This diet works for me, mostly for three reasons: 1) It's showing results - how it fares when the going gets a bit tougher remains to be seen, 2) I thrive on routine, which means I don't really mind eating essentially the same lunch every day (besides, dinner remains varied), and 3) I've always been good at having the discipline to set patterns and stick to them (hence the very specific snack times listed).
And that's it. The thing that's missing at the moment is a formalised exercise routine, but I'm working on that.
Actually, it went reasonably well, except when I tried to explain what I wanted to do:
Me: "I would like to use one of these 'Moneygram' transfers, please."
Me: "The recipient should get $3,000, whatever that works out to. And if there are any fees, I want to pay them at this end."
Assistant: *blinks* "So, how much do you want to send in money... er, pounds?"
At this point, I explained the concept of exchange rates, and how different places sometimes apply different rates, so they would have to work that out for me.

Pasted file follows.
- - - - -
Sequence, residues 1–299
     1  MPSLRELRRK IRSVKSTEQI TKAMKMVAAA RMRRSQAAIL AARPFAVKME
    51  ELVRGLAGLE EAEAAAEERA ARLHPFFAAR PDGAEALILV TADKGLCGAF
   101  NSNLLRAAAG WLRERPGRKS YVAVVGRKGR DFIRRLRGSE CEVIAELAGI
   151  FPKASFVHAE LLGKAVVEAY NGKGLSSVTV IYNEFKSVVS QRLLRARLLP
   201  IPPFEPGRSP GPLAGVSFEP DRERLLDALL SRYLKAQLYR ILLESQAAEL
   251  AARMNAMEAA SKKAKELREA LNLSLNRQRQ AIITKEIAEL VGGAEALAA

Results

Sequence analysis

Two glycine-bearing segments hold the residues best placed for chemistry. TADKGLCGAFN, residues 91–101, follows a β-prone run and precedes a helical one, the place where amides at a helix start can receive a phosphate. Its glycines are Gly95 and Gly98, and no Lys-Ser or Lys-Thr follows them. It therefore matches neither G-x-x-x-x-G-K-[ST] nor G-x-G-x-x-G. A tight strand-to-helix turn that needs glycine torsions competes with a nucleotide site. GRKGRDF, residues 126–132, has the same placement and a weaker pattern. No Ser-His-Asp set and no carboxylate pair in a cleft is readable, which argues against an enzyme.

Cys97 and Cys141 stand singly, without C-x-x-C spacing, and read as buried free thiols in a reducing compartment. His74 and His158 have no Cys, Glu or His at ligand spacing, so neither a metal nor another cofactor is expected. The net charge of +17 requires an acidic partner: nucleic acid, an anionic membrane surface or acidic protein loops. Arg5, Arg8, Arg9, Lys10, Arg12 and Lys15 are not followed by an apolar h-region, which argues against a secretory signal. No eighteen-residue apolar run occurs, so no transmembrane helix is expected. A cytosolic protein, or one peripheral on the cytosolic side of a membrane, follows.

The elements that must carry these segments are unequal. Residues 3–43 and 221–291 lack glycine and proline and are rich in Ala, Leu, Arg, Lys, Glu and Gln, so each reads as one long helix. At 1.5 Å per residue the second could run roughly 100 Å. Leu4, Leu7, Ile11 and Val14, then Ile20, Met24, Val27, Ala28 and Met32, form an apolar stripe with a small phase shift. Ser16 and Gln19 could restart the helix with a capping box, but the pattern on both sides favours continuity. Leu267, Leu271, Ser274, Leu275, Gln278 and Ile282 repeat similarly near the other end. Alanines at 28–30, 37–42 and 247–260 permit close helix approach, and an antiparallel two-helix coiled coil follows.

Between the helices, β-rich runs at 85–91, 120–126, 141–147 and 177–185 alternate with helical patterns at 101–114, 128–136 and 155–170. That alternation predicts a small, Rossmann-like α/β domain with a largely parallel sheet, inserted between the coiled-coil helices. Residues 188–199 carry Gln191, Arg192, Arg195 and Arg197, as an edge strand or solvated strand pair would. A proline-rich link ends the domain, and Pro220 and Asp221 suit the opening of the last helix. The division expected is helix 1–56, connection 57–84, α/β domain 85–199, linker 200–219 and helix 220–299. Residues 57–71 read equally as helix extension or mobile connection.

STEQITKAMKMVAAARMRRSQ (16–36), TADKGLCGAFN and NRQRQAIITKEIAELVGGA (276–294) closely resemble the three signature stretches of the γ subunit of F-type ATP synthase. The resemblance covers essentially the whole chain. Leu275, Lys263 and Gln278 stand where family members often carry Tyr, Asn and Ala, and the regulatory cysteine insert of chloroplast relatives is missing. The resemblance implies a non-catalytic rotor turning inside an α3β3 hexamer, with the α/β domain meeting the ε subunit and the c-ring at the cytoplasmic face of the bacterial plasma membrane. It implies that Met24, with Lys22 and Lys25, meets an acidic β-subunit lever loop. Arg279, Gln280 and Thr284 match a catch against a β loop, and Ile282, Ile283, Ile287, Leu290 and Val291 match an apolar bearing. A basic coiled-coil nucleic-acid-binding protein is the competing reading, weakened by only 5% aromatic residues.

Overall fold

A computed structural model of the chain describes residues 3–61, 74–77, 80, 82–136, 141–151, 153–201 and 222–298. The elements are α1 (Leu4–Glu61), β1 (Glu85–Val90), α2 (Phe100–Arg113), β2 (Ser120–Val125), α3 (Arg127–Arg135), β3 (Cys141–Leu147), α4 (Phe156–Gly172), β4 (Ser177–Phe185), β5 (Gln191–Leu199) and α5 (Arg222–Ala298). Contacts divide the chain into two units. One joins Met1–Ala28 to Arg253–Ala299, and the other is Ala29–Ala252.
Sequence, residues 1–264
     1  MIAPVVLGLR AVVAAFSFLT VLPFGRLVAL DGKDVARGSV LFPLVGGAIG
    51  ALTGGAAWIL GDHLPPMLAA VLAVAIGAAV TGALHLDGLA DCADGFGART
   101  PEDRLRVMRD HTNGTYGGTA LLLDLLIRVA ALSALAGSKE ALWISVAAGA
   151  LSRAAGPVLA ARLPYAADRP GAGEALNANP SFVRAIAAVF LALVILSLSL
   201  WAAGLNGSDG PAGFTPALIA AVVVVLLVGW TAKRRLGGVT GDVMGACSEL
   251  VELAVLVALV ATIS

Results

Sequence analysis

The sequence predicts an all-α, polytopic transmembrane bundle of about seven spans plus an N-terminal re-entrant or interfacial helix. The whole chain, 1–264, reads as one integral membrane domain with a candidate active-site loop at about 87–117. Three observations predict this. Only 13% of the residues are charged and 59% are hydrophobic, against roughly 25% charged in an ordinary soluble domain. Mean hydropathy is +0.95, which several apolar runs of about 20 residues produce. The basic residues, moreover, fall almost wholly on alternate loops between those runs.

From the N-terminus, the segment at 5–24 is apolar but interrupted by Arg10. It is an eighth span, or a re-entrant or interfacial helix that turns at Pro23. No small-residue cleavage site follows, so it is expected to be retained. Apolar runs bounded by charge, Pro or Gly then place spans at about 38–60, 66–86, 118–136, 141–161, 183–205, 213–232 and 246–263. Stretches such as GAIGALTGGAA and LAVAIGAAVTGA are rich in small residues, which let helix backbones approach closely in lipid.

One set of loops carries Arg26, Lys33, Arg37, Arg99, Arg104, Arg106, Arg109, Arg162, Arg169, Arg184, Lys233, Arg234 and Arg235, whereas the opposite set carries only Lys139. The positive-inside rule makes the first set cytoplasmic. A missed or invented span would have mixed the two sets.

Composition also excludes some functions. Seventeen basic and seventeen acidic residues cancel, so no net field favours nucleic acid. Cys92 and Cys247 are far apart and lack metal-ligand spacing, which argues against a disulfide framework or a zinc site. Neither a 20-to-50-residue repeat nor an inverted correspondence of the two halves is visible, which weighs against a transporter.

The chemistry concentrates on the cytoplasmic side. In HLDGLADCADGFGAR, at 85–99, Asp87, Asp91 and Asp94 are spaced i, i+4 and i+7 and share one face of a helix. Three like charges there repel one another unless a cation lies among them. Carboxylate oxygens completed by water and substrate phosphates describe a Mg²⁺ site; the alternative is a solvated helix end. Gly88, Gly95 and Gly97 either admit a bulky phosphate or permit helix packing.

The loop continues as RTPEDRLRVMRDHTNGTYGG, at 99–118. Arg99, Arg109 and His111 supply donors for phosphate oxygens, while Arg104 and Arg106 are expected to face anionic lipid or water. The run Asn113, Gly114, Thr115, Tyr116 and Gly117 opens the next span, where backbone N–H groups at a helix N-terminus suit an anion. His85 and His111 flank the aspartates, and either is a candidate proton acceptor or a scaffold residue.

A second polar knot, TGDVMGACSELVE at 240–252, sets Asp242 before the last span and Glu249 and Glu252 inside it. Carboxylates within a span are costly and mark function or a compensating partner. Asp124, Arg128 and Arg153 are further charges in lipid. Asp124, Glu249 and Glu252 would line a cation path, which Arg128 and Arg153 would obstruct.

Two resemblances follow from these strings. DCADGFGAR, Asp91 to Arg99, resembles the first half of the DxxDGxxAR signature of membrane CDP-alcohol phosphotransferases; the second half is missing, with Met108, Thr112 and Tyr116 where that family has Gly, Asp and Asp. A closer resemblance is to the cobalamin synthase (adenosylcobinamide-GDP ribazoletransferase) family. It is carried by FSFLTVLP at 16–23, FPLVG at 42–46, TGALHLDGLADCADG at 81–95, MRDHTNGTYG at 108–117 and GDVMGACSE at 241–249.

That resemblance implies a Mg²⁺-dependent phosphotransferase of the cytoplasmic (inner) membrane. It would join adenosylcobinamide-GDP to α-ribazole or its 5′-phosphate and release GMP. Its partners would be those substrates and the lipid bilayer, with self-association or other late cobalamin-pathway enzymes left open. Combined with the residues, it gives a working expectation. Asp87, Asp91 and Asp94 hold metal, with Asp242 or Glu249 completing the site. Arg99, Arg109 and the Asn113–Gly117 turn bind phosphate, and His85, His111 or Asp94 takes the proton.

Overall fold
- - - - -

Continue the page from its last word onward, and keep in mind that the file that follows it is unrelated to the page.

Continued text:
It was slightly amusing when she asked how I intended to pay the eventual bill (of just over £1,800), to which I replied, "cash".
To be honest, I was more than a little relieved to complete this task - it has not been fun carrying around that sort of money. On the other hand, it was quite cool walking around with that sort of money. And also, I hadn't actually handled a £100 note in the flesh before. That was quite cool.
I'm also not sure whether to be flattered or intimidated by the notion that my friend was willing to trust me with that sort of money.
Tuesday, September 16, 2008
Every so often, the news have a feature on the Royal Mail closing some number of Post Offices. This is invariably presented as a bad thing: how can they take our post office away from us? Oh, the humanity!
Here's the thing: the post office is rubbish.
Until the DVLA went online, I had to visit the post office once a year, in order to get a new tax disc for my car. And every year it was the same: they were only open a certain times, which they advertised poorly, many branches didn't have the service I actually wanted (and tax discs are hardly an unusual request, are they?), there were long queues moving very slowly, and the assistants were bored, uninterested, and moved very slowly themselves.